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formal logic

deals with proper modes of reasoning

statement

sentence that is either true or false

square of opposition

diagram of the basic relationship between categorical statements with the same subject and predicate

Tautology

statement that is always true by logical structure

consistent

two statements can both be true at the same time

exhaustive

no other types exist

Species

term that is more specific, narrow, or concrete than the original term and in included by it

apparent disagreement

difference of opinion or perception

term

An element or number in a sequence.

Argument

set of statements, one of which appears to be implied or supported by the others

Conclusion

Tells if your hypothesis was correct; supported or not supported

premises

the statements that imply the conclusion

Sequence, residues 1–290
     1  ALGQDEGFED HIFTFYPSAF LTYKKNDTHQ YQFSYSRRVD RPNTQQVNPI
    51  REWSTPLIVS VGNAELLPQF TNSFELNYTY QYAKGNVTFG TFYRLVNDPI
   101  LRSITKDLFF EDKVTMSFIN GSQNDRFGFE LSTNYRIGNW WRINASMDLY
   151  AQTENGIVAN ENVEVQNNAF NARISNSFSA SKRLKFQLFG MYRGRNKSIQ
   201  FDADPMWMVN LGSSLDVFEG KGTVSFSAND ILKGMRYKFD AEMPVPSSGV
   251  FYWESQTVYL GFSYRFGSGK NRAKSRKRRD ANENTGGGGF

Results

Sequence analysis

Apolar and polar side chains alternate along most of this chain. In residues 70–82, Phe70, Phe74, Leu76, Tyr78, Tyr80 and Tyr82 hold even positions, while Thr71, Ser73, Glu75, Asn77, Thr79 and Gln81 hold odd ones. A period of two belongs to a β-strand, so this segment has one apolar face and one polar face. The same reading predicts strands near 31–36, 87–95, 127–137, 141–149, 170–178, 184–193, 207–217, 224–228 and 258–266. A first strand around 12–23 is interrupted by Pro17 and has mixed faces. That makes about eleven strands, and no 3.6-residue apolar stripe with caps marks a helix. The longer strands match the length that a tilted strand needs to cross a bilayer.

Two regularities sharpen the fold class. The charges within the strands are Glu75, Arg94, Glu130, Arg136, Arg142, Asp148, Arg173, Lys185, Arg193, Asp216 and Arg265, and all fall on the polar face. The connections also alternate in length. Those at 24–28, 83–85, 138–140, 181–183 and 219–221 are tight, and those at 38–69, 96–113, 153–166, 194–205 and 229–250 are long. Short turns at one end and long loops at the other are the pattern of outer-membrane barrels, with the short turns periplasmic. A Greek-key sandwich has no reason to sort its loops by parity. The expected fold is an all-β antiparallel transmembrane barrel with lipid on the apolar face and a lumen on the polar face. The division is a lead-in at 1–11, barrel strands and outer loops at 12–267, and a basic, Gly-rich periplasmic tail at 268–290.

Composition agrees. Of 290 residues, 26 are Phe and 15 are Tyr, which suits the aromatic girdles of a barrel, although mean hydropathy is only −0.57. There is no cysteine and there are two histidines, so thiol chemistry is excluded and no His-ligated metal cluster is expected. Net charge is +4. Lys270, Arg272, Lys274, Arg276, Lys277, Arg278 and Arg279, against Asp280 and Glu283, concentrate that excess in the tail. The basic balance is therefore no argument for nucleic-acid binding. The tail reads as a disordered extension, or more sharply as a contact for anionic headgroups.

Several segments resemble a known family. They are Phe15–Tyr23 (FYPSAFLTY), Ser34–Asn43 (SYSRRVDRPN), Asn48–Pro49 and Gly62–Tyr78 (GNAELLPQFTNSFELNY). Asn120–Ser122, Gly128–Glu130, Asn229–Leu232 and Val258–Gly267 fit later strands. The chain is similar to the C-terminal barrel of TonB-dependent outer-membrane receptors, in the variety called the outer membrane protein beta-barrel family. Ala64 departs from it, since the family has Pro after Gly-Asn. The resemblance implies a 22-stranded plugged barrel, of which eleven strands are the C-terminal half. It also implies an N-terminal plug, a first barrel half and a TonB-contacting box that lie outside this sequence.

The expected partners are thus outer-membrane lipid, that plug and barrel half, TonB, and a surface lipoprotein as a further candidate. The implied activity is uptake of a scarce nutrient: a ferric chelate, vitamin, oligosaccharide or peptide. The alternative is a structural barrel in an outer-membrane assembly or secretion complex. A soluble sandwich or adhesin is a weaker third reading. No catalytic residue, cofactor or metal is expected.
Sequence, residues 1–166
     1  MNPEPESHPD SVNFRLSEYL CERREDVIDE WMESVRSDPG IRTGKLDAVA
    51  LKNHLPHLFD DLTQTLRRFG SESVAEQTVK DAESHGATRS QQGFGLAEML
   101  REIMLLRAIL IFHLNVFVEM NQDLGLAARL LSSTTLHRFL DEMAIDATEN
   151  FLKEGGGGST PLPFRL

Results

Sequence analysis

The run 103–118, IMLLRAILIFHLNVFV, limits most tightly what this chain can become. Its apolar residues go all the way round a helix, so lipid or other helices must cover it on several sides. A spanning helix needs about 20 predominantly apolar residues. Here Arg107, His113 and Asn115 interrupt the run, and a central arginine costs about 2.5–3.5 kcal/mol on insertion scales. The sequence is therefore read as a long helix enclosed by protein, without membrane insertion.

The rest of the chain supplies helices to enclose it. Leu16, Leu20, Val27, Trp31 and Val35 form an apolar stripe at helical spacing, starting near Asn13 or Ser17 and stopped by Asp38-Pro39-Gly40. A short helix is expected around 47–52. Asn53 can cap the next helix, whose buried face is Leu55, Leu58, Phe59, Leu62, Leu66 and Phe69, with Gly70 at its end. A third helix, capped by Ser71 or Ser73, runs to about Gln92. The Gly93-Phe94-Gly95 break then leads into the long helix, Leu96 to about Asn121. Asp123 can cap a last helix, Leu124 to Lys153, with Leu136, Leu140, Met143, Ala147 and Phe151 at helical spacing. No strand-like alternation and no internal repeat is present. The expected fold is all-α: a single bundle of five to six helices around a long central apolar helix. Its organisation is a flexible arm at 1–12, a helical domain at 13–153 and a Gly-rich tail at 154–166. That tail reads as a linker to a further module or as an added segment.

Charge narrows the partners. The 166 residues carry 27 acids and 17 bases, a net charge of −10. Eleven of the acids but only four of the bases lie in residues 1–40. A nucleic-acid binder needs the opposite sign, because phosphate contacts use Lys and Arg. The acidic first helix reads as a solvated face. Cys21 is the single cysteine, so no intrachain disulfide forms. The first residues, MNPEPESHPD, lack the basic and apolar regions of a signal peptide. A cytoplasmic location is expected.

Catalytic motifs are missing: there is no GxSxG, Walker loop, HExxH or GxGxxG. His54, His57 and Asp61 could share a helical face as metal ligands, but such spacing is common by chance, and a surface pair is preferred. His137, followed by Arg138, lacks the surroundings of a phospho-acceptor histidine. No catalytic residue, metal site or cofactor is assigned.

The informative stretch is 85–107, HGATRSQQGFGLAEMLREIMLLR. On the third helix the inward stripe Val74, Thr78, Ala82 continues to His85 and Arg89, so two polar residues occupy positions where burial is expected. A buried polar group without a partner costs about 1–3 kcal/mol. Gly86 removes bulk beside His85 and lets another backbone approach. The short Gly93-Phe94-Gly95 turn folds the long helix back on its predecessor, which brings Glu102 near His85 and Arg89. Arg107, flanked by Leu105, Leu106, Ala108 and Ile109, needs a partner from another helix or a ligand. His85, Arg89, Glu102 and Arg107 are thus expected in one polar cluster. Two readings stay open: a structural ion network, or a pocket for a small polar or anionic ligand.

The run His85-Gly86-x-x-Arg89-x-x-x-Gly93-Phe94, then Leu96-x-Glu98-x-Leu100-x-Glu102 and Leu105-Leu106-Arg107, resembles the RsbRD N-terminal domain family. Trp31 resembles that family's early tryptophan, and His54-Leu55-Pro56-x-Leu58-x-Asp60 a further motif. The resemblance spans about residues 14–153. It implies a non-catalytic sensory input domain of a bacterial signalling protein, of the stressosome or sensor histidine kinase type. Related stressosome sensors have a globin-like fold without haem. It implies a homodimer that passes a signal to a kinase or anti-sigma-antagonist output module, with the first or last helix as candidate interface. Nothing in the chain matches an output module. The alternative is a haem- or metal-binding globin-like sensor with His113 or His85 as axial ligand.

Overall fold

categorical syllogism

syllogism consisting of three statements in categorical form

major term

the predicate of the conclusion and is used in one premise of a syllogism

minor term

the subject of the conclusion and is used in the other premise of a syllogism

middle term

term found once in each premise

major premise

the premise containing the major term

minor premise

the premise containing the minor term

schema

representation of a syllogism, having statements in standard order with standard abbreviations of its terms

mood

three letter description of the types of categorical statements a syllogism contains when arranged in standard order

figure

a number from 1 to 4 identifying the placement of the syllogism's middle term

form

the mood and figure of a syllogism

valid

a syllogism is blank if and only if the premises imply the conclusion

sound syllogism

a blank is valid and has true premises

counterexample

An example that proves a conjecture false

distributed term